Long has seen many trends and issues in the wine world come and go. One of those, the current taste for riper, high-alcohol wines, she believes is primarily driven by consumer tastes. ‘In my tastings with consumers, I’ve seen that as long as you have enough fruit, intensity and concentration, the alcohol perception just falls away. But the wines have to be well made and they have to come from really high-quality grapes.’ Bordeaux wines, she points out, have been getting riper for the last decade. ‘There’s always been more of a perception of differences between Bordeaux/Burgundy and California than an actual difference.’

As a collector of Buddhist, Tibetan and South African art, Long has seen trends and techniques once wildly popular in the art world fall out of favour. ‘It’s not unreasonable to expect there will always be trends in wine and food taste and that these very rich, ripe-fruit wines that happen to have high alcohols are a trend. What I don’t want is to see that these are the only kinds of wines made, because the blessing of wine is its diversity.’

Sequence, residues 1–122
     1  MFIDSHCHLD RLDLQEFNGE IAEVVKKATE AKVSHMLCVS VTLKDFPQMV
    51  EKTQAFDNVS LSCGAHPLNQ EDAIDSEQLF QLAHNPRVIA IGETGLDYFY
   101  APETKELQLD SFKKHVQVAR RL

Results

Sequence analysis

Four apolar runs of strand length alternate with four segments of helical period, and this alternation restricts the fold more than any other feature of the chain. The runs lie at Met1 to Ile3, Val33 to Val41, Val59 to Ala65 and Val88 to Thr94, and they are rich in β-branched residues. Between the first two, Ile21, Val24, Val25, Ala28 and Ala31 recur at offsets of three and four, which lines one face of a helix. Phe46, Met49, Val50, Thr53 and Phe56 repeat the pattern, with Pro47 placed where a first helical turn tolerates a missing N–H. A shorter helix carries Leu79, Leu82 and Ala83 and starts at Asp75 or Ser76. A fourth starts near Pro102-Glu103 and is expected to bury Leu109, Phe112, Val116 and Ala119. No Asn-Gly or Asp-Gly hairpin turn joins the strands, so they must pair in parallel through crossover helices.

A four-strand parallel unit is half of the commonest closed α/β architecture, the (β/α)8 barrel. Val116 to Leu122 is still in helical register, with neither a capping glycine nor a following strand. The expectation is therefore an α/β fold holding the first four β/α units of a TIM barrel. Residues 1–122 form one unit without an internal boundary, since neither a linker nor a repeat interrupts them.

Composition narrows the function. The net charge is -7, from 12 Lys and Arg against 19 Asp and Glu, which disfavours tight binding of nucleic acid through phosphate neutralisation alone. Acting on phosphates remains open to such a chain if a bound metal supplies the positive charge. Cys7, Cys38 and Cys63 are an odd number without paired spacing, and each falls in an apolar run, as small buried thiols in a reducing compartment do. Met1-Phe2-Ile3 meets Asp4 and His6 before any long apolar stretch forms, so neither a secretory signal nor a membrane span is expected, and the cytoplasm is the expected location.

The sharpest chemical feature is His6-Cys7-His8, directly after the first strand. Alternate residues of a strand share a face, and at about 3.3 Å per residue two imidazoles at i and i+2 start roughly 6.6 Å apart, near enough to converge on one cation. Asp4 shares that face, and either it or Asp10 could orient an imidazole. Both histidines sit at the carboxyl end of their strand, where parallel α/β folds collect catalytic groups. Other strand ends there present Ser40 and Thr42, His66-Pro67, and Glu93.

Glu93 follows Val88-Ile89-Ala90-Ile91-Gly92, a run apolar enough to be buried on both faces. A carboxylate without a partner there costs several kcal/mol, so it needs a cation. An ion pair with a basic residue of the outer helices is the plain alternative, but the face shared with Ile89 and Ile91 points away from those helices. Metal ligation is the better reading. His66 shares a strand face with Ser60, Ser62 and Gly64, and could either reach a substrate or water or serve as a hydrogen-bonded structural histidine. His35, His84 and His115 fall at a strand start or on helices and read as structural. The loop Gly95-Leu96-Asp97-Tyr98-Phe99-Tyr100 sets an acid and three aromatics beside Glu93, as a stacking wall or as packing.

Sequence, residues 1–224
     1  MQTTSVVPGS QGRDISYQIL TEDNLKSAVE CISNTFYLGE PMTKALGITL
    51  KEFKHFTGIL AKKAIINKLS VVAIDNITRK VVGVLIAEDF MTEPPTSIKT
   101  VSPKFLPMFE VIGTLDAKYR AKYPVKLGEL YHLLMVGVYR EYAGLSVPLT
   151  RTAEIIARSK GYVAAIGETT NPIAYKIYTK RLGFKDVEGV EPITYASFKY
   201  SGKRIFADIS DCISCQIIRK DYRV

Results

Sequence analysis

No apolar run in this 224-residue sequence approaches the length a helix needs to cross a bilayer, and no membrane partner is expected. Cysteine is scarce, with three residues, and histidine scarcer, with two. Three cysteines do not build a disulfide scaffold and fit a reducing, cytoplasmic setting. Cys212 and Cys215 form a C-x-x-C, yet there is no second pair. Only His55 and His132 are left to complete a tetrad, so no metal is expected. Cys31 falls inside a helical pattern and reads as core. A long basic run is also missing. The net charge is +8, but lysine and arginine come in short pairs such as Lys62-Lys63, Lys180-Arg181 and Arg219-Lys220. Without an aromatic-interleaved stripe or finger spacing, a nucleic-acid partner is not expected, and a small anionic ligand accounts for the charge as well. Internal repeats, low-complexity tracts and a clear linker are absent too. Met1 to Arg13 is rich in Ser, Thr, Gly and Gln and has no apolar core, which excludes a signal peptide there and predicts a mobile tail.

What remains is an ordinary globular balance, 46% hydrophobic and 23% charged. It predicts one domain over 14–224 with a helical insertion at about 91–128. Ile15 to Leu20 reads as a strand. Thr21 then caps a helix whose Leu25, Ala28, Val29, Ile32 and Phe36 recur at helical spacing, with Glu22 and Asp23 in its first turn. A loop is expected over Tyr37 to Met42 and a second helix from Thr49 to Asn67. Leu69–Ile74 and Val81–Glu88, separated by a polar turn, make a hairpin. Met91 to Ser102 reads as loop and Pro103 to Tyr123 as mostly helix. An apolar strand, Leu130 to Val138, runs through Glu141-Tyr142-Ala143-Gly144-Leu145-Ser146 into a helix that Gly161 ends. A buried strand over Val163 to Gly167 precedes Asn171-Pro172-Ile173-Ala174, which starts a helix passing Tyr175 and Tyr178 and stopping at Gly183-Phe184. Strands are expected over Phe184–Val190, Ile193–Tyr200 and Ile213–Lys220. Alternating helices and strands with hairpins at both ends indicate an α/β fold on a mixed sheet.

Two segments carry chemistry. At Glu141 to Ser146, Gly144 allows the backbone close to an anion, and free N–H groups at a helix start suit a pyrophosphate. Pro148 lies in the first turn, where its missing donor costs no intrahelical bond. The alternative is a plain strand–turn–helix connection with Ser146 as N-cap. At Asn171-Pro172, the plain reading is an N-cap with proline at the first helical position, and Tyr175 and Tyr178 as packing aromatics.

Popularity of riper, higher alcohol wines is also driven by Robert Parker, she believes. ‘He’s gained a big following because a lot of people like the wines he loves. I have a lot of respect for him because he’s very consistent and straight about what he does. If you are a consumer who has his palate you can really trust his judgment.’ Noting that she looks at ratings for movies and opinions about books and music, Long says she doesn’t object to Parker’s 100-point ratings system because it streamlines thinking about wines for many consumers. But it has its limits. ‘For commercial wines produced in large quantities – good quality, at accessible prices – ratings are imperative. For aesthetic wines, made by smaller producers and more individual, the 100-point system is less valuable and you don’t want it to drive out those small producers. If you lost the individuality of small producers, you would lose the soul of the wine industry.

‘Looking back as a pioneer winemaker, what’s extraordinary to me is the place California has achieved in the world of wine. When I was making wine at Mondavi in the 1970s, California was a sort of amusing curiosity to the rest of the world. Now California is a senior quality wine producer making some of the finest wines. You can take any number of varieties from California and go head-to-head with any wines in the world.’